Azealia Banks Twitter Suspension Is an Unfair, Censorious Overreaction

In the tradition of Welty and Nabokov, provocative rapper simply assumed the persona of the oppressor to elucidate a larger point

Azealia Banks performs for fans during Splendour in the Grass on July 25, 2015 in Byron Bay, Australia.

Azealia Banks performs for fans during Splendour in the Grass on July 25, 2015 in Byron Bay, Australia. Photo by Cassandra Hannagan/Getty Images

The rapper Azealia Banks has been suspended from Twitter for ‘homophobic’ and ‘racist’ tweets directed against the Muslim former One Direction singer Zayn Malik. The rant, which also trained fire on 14-year-old Disney singer Skai Jackson and caused her to be dropped from Rinse FM’s ” Born & Bred Festival in East London, included taunts calling Mr. Malik a “curry scented b***h” and “Imma start calling you punjab you dirty b**ch” and referred to Miss Jackson as a “little black b*tch.”

I think it’s worth reading the full compliment of Ms. Banks’s tweets to and about Mr. Malik before judging her. It seems to me that the racist language she’s using isn’t a declaration but an observation. Read those tweets. She’s trying to point out, albeit in an extraordinarily clumsy manner, that she and Zayn are both the targets of white supremacist attitudes.

She’s not saying how she views Mr. Malik, but rather how she thinks racist culture views Mr. Malik. In essence, she’s arguing for solidarity among people of color against white supremacy, rather than turning on Mr. Zayn because he’s Pakistani and Muslim. It’s compassionate in its own fucked-up way.

Of course, this is Twitter and she’s Azealia Banks, so the expression of such subtle distinctions is not exactly nuanced.

Poor Azealia.

People were so excited when she appeared, and she’s insanely talented, but her inability to hold herself accountable for anything that comes out of her mouth has lost her legions of fans among the thinking people who should be loving her, and left her stuck with the (unfortunately massive) group of people who think, like a reality TV star, that “keeping it real” (“I am Azealia Banks and I am who I am”) and “owning it” excuses any kind of behavior. More to the point, it’s hurt a lot of people, and it’s prevented her from evolving as a political artist. She could’ve been a new Chuck D, and instead she’s turning into a kind of Bizarro Toby Keith.

I’m not bothered by Ms. Banks’ decision not to break from her tell it like it is character. Think about Eudora Welty’s “Where Is the Voice Coming From?” her story from the point of view of Byron De La Beckwith, Medgar Evers’s murderer. Or Lolita for that matter: sometimes the subject of the story is the oppressor’s mindset, not the victim’s, or the context. As far as calling Zayn “lost and cultureless,” I mean, c’mon. He’s a boy-bander. As far as I can tell, he’s sacrificed pretty much every shred of personal or cultural distinction for the homogeneity of the pop market. I can’t fault her for that one.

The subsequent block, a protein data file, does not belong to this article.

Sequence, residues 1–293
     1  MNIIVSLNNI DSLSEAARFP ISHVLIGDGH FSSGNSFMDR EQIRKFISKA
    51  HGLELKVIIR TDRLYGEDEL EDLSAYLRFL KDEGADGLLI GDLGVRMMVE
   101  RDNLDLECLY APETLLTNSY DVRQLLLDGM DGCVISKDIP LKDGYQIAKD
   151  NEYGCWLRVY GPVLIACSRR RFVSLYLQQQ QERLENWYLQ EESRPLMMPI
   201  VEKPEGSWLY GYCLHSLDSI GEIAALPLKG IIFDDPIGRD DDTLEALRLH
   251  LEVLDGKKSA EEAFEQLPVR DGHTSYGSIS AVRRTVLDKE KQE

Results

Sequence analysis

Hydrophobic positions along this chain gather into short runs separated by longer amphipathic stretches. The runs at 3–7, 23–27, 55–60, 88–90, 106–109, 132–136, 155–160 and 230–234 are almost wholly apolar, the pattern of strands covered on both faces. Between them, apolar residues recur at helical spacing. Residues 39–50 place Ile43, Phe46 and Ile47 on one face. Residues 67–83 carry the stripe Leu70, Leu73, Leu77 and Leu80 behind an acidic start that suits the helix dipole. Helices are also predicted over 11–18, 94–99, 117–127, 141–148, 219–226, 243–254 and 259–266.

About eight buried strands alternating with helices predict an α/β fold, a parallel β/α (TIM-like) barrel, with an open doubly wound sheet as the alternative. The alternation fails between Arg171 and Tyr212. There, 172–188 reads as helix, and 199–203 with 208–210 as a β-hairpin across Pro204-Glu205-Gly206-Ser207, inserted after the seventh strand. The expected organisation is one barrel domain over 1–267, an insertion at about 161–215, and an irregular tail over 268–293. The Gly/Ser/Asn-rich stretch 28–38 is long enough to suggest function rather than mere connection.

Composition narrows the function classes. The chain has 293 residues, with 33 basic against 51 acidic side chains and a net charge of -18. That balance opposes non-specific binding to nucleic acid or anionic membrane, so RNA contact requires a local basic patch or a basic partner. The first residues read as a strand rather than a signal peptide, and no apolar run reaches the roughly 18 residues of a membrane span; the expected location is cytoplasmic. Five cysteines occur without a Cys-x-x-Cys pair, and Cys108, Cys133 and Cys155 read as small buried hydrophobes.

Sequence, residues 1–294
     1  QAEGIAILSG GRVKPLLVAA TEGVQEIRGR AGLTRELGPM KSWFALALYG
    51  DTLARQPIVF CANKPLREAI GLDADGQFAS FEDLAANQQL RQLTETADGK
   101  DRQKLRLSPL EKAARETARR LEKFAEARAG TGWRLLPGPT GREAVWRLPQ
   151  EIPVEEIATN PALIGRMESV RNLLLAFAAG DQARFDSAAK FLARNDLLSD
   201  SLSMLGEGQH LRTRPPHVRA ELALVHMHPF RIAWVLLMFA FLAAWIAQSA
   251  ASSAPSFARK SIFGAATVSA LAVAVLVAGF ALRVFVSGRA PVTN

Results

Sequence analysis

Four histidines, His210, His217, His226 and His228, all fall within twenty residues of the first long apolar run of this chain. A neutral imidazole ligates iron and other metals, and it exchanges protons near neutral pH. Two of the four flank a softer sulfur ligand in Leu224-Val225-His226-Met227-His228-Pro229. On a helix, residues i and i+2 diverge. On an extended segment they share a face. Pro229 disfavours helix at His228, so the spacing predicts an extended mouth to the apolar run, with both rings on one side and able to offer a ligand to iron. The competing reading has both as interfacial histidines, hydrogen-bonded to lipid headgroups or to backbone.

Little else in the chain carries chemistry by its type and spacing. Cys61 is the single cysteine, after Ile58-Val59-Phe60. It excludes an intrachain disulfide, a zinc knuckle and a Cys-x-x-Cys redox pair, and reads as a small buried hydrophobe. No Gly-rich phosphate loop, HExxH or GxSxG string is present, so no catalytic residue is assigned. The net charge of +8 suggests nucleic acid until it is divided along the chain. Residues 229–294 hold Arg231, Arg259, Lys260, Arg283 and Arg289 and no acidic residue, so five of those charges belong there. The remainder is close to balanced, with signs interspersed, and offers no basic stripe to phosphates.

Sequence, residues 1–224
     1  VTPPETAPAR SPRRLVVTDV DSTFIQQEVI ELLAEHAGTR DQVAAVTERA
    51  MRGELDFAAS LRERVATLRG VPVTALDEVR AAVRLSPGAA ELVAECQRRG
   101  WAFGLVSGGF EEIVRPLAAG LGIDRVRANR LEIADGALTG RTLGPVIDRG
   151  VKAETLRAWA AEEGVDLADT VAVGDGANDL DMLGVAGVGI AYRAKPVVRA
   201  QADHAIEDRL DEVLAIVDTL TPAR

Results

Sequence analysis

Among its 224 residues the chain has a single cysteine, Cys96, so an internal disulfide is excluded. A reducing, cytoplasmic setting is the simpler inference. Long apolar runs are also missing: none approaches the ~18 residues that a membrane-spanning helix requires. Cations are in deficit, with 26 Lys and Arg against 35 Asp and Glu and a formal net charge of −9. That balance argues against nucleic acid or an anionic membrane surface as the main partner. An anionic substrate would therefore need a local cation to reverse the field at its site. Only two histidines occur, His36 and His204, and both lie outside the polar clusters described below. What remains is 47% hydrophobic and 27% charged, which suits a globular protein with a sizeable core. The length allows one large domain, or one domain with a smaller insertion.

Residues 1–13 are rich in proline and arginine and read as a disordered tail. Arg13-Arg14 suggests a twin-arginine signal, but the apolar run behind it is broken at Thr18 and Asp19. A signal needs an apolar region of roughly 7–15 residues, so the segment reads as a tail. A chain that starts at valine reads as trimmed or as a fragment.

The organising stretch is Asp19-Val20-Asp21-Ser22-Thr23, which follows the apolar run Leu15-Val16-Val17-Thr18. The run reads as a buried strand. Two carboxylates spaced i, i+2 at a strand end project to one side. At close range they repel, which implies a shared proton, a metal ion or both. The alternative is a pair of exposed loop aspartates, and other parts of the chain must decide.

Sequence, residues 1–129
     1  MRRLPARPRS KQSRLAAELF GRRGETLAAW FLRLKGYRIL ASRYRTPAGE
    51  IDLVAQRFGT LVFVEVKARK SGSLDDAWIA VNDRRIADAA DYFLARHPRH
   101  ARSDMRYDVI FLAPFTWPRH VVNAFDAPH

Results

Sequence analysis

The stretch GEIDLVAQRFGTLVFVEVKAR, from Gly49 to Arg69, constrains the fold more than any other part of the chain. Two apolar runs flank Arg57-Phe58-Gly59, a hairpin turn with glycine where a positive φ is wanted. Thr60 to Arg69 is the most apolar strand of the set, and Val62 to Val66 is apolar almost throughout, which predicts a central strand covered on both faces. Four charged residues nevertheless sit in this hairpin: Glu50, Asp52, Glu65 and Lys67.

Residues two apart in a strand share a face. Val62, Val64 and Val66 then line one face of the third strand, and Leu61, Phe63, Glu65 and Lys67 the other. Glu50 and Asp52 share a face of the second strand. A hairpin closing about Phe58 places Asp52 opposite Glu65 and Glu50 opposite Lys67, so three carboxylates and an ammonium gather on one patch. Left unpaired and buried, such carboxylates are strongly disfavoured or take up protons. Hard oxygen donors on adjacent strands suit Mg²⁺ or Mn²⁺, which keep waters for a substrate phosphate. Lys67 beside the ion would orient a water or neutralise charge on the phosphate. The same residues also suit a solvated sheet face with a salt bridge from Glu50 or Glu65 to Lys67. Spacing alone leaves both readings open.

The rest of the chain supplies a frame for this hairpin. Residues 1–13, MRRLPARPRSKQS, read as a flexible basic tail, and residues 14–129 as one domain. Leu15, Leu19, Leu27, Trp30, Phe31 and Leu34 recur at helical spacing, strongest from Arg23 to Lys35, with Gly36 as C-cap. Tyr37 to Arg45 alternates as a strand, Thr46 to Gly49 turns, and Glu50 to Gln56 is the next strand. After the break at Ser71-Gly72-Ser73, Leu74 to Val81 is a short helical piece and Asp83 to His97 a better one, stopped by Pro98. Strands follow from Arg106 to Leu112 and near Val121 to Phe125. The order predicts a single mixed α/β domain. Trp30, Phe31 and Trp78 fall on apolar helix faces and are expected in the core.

As for Miss Jackson, the classy response would’ve been for Skai to ignore Azealia. Trolling Ms. Banks shows that she’s willing to employ the same kind of inflammatory language for the sake of publicity—she just wants someone else to say it first, so she can retweet it and claim the high road.

Freedom and honesty are always better, but that doesn’t mean they’re not fraught, and that people don’t have to think before they speak or write.

Azealia Banks is a hot mess and I don’t think she should be let off the hook for what she says or for how she says it. Her talent as a lyricist only points up her accountability. Celebrity was the worst thing that could’ve happened to her as both an artist and a person. But when a person of color is speaking against racism, however confusedly, I’m inclined to read her as generously as possible. We’re conditioned to talk about discrimination politely, be patient, keep our eyes on the prize, etc., and after well over half a century of this with only marginal or selective improvement, it’s easy to feel like you’re being played. So a little rage is understandable. I just wish she had another register.

In the end, I’d still rather have Azealia Banks call Zayn (or Perez, or me) a faggot than let a corporation like Twitter decide what speech is appropriate for public consumption.

Azealia Banks Twitter Suspension Is an Unfair, Censorious Overreaction